The four tips – paraphrased – include:
1. Understand the power, meaning you have to understand what you can and cannot do under a power of attorney document.
2. Keep accounts separate, even if it can be a pain to moderate so many accounts, avoid the temptation to commingle funds that are not yours.
3. Document everything, even if it means doubling down on the bookkeeper.
4. Be watchful for exploitation by others, because being in charge of the finances does not mean you are the only one who exerts some financial control or influence. Those seeking to take financial advantage of the elderly include strangers and loved ones themselves.
In reality, there is much more to know and follow when managing other people’s money. Nevertheless, you certainly will be held to the basics. Remember to keep the CFPB guides and the MarketWatch article available for handy reference.
In truth there are many little rules for managing finances, but these are the basics that you need to accomplish to do the job. If there is time, you and your elderly loved one ought to plan now so you are prepared to fulfill your management role and the challenges ahead.
Reference: MarketWatch (November 11, 2013) “4 rules for managing parents’ money”
Communication is key when it comes to estate planning. In fact, the entirety of an estate plan – from the advance health directives covering your end-of-life decisions down to the distribution of your assets – is all about communication. However, not all decisions are easily and clearly communicated in writing. What you may need is a “family meeting.”
If the term “family meeting” conjures little more than memories of classic TV shows, (e.g., the “Brady Bunch”), then you are not alone.
As addressed in a recent article on WealthManagement.com titled “Family Meetings Come of Age,” the family meeting can be a very useful forum for estate planning. A family meeting, whatever that may mean for you and your loved ones, represents a conscious act to come together and openly communicate.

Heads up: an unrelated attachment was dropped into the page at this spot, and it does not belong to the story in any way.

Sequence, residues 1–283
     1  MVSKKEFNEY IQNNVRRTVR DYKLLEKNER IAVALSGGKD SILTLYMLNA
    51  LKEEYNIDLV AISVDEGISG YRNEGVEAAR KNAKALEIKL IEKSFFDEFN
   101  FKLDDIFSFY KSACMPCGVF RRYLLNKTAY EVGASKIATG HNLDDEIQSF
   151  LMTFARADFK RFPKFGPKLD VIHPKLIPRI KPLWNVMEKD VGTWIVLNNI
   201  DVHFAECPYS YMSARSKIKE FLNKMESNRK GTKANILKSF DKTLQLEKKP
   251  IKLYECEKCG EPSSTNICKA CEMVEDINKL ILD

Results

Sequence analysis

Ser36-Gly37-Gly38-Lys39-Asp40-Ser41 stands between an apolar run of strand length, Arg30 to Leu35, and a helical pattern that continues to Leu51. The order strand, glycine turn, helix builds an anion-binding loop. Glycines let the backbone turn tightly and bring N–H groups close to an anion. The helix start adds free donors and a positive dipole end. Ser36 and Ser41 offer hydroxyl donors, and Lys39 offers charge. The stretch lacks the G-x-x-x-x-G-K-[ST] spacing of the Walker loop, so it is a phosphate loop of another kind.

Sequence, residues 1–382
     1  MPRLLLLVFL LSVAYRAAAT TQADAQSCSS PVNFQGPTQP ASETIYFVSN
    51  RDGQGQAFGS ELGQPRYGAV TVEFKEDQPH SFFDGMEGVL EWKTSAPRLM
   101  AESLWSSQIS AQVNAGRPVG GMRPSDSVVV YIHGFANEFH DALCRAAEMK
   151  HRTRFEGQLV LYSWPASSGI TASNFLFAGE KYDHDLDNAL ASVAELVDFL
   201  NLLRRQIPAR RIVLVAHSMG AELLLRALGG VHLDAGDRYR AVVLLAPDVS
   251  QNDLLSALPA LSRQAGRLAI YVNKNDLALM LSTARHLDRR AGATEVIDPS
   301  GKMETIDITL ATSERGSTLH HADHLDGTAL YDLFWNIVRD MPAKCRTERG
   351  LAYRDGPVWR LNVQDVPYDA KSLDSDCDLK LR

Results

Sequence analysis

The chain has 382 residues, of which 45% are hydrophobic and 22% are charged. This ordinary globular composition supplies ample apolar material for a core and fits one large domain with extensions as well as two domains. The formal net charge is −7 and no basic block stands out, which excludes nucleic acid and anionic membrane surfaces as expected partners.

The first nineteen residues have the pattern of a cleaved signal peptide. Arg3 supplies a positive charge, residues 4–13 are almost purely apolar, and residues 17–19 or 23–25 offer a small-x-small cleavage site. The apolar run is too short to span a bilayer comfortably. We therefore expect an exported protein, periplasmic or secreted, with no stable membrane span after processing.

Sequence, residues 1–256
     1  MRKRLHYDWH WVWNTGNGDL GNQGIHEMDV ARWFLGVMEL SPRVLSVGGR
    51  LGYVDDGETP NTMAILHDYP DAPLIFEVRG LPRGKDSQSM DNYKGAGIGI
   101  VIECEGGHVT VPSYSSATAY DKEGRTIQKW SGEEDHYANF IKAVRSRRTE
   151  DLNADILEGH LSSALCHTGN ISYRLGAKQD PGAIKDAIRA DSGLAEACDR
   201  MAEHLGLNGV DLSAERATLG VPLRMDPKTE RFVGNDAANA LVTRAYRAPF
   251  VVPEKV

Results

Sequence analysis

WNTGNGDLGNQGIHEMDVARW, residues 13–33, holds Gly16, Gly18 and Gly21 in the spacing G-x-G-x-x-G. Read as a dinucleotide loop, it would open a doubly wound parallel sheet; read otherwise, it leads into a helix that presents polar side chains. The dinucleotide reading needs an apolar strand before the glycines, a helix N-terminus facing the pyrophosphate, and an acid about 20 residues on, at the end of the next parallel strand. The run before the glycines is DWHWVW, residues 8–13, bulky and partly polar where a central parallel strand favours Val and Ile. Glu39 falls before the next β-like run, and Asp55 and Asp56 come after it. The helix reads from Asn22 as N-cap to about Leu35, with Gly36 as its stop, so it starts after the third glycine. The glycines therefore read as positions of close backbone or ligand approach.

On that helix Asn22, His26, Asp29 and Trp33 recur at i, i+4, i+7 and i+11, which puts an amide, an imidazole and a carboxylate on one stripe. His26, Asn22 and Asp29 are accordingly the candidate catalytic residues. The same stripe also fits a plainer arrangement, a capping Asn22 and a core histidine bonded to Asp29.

All families are different, too. The family meeting for one family may be more of a means to relay information, while for another family there may be more collaboration on the planning itself.
In the end, as long as there is something to communicate, there is value to the family meeting. As the original article notes, it is really up to you and your loved ones to shape the event together.
Reference: WealthManagement.com (November 7, 2013) “Family Meetings Come of Age”
When two people have lived together outside of marriage for some time, the question of who owns what can get downright confusing. Obviously, jointly owned assets can be tricky. Surprising, separately owned assets can be just as complicated.
When it comes to jointly owned assets it is not too hard to understand how problems can erupt. When it comes to separately owned assets, take a look at a recent article in The Wall Street Journal titled “Separate Assets, Joint Problems.”
What are the biggest problems behind separate assets?
The original article gives four points to ponder:
1. Those assets aren’t necessarily separate under the law.
2. Separate accounts may foster a failure to communicate.
3. Separately owned property may be at greater risk in a bankruptcy or lawsuit.
4. Separate accounts can lead to administrative difficulties.
When you boil it all down, the underlying difficulty behind three of these points is simply coming to terms with what separately held assets mean for a married couple.
For example, sometimes assets are not truly separate because state law makes them marital. Like most things in life, there are trade-offs regardless. The time and money spent getting competent legal, financial and tax counsel may be well worth the investment.
Reference: The Wall Street Journal (November 10, 2013) “Separate Assets, Joint Problems”
The 2013 year is winding down. While there is still much to enjoy, especially in terms of the holidays, it is not too early to think about your financial and estate plans for 2014.
Surprise! The IRS is already looking forward to 2014, to include the estate and gift tax exemption.
So what will estate and gift planning be like in 2014? Fortunately, as noted in a recent Forbes article, the number will be a bit more generous. According to the article, titled “IRS Raises Limit On Tax-Free Lifetime Gifts,” the basic exclusion (or unified exclusion), has been $5.25 million for 2013, but it is set to shimmy up to $5.34 million for 2014. Remember, this is the amount an individual can transfer to their loved ones without fear of taxation, either in life as a gift free from gift tax or in death as a bequest free from estate tax.
Unfortunately, the basic/unified exclusion increase does not mean an increase to the annual gift exclusion. That is the amount you can gift per year to an individual without affecting the basic/unified exclusion. Currently you can give $14,000 per person per year, and it will be no different in 2014.